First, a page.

El Salvador / by daniel hamlin

 Matt List and I, surveying one of many quality waves we found. Photo:  Daniel Looman

Matt List and I, surveying one of many quality waves we found. Photo: Daniel Looman

A number of years ago my friend's Matt List, Daniel Looman, and I ventured to El Salvador together for a humanitarian aid trip. We also found some waves. Looman and I did an article for Surfline about the trip which you can read below.

 

On A Mission (Published on Surfline.com circa 2007)

 It was January, and I was on the North Shore driving through Haleiwa when my phone rang.  It was my friend Buck Waters.  Buck lives in Florida and I in California, but we’ve spent a lot of time together over the years in various places.  Buck was responsible for getting me to El Salvador for my first time a few years ago on a trip he’d coordinated.  When he rang me in Hawaii this time, it was to tell me about another trip he was planning to take back to El Salvador. 

Buck has a huge heart.  He started an organization called “Surfers On Mission” in an effort to get surfers to give back to the places we frequent in our surf travels.  So it didn’t surprise me at all when he told me what he wanted to do this time around in El Salvador. On our first trip there, we’d become good friends with the Castellanos family. Salvador Castellanos works for CNN; he has a lovely wife and three great kids. He’s also an avid surfer. His son Marcelo is one of the best pro juniors in Central America, and quite a chef. Like Buck, the Castellanos are some of the warmest and most generous people I’ve come across. Salvador is the national coordinator for Convoy of Hope, an aid-supplying ministry based in the states. He and Buck came up with a plan to raise enough funds to provide Convoy of Hope with the finances to deliver a load of food to a small community in a needy area of El Salvador. Buck would arrange the man-power to distribute all the food and supplies, while the Castellanos’ took care of the logistics. 

I enlisted the help of my two good friends Matt List and Daniel Looman. Both were keen on the trip, so the three of us rendezvoused in El Salvador. Buck had put together a crew from Florida and we met them a few days before the shipment of food arrived to get acquainted. Kenny Griffin, Mike Burns, and Mark Anderson headed them up. So with everyone together, we set out for our destination town. On our way, it had been arranged for us to stop by a couple of orphanages. We had some toys and other items to give away. The Florida guys had brought dozens of toy binoculars that the kids absolutely loved. Most of the kids literally only possessed the clothes on their backs, so to get a toy to call their own was an exciting event. One of the things I noticed about these children was how much they looked out for their siblings; growing up without parents had bonded these kids in a deeper way than the average pair of siblings’ experience. It was a sad and sobering occasion to see such beautiful children who for one reason or another found themselves without families to take care of them. Yet they still had the most amazing smiles you can imagine. Getting to meet those beautiful children was easily one of the highlights of the trip. As we drove away, I couldn’t help but feel sorry that we weren’t able to spend more time with them.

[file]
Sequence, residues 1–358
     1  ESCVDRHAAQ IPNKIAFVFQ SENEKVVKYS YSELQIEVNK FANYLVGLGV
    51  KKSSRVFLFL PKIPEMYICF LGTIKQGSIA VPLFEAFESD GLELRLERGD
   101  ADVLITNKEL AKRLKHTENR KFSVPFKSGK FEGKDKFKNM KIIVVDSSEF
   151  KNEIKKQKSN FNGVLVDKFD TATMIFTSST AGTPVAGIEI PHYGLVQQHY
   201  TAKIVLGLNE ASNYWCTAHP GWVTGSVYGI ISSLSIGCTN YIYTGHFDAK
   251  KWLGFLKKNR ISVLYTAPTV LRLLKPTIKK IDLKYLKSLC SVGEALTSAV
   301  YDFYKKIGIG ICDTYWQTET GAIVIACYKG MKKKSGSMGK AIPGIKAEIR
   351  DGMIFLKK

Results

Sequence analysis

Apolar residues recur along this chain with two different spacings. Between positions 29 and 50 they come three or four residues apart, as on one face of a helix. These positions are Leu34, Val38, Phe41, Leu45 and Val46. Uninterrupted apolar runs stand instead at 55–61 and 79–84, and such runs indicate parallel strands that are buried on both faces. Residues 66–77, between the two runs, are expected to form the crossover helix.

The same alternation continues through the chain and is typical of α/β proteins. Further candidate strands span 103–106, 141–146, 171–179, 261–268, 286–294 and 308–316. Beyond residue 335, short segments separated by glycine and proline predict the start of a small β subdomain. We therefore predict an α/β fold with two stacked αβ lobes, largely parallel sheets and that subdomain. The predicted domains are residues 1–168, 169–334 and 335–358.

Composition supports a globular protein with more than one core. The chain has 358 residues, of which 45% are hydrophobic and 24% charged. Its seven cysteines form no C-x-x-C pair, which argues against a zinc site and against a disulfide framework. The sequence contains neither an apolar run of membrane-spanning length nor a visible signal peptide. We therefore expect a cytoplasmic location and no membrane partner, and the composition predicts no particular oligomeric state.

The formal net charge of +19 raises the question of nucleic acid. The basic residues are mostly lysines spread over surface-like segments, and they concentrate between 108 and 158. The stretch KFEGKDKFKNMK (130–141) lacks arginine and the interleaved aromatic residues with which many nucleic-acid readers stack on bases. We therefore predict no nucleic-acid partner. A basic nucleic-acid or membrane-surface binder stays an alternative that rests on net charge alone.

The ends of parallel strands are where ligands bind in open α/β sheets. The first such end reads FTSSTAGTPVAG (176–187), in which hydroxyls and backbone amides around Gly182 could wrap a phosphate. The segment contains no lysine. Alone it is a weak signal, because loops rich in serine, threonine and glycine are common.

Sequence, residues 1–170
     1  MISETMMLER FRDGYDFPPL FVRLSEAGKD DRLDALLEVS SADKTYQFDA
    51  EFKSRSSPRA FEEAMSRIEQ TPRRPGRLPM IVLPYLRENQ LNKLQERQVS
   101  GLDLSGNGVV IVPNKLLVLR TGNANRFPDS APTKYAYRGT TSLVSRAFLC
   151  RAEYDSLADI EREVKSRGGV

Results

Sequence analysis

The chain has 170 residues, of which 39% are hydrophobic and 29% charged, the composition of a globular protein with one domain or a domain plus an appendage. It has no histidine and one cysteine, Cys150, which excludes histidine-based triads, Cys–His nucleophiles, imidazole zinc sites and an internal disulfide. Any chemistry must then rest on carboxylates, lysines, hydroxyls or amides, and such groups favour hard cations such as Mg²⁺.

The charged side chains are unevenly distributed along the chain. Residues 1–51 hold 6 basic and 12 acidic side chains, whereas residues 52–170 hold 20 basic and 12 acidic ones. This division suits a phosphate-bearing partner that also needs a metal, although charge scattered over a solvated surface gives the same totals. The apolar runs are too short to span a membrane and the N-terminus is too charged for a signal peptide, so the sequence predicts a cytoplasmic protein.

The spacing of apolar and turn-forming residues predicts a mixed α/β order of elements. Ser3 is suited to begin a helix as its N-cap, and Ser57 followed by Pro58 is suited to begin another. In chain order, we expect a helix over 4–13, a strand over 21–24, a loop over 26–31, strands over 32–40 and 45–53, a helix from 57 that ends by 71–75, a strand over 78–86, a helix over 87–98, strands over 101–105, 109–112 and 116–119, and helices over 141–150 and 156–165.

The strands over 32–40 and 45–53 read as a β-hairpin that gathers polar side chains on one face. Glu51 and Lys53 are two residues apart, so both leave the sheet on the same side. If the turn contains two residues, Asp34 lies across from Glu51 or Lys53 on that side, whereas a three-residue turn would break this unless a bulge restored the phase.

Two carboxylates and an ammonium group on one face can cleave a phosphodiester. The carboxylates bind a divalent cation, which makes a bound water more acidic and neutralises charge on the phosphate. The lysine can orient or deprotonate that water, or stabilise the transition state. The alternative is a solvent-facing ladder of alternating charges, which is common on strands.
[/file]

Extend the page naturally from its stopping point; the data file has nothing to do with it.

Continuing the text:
The food arrived the night before we were scheduled to distribute it. Part of our job was to divide the food into individual family portions. We did the same with the household supplies. So the next day we loaded up our vehicles with all the goods and Salvador Castellanos guided us into a little village out in the countryside. We separated into a couple of different groups and began approaching homes. Most houses were nothing more than a tin roof and some logs acting as walls. With the help of our translators, we’d explain that the food was for them. Everyone was grateful for the gifts, even if it was only a day or two of food for some of the families. One man was especially thankful, as he explained to us how he and his family were going through a hard time. He told us, on the verge of tears, how they hardly had food and the gift came at the perfect time. It was one of the most humbling experiences in my life to shake this man’s hand knowing that there was no difference between us. I’ve never known the kind of poverty he has simply because of the land I was born in. His circumstances could just as easily have been mine. Yet I did not see any resentment in this man’s eyes, only gratefulness.

Later that night we made our way back to the main town, where we were able to set up and distribute supplies in the town’s soccer field. We had passed out flyers earlier in the week to let the locals know what we were up to. It seemed like the whole town turned out for the event.  After passing out the rest of our supplies, we set up some piñatas for the kids to play with.  Luckily no one got hurt in the mayhem of trying to score some candy. Afterwards we cleaned up and headed back to our lodging. It was an amazing day to say the least.

The Florida guys left two days later while Matt, Daniel, and I stayed a little longer in order to hang out with the Castellanos family. We surfed some fun waves and met some great people. But all too soon our trip was over. Every trip is special in its own way, but this trip was amazing in every aspect. I’m grateful to Buck and the rest of the crew for including me in the trip and showing me how surfing doesn’t have to be a selfish pursuit. As I think back on the trip and all we experienced, I can’t help but be a little more thankful for the grace I’ve been shown in life.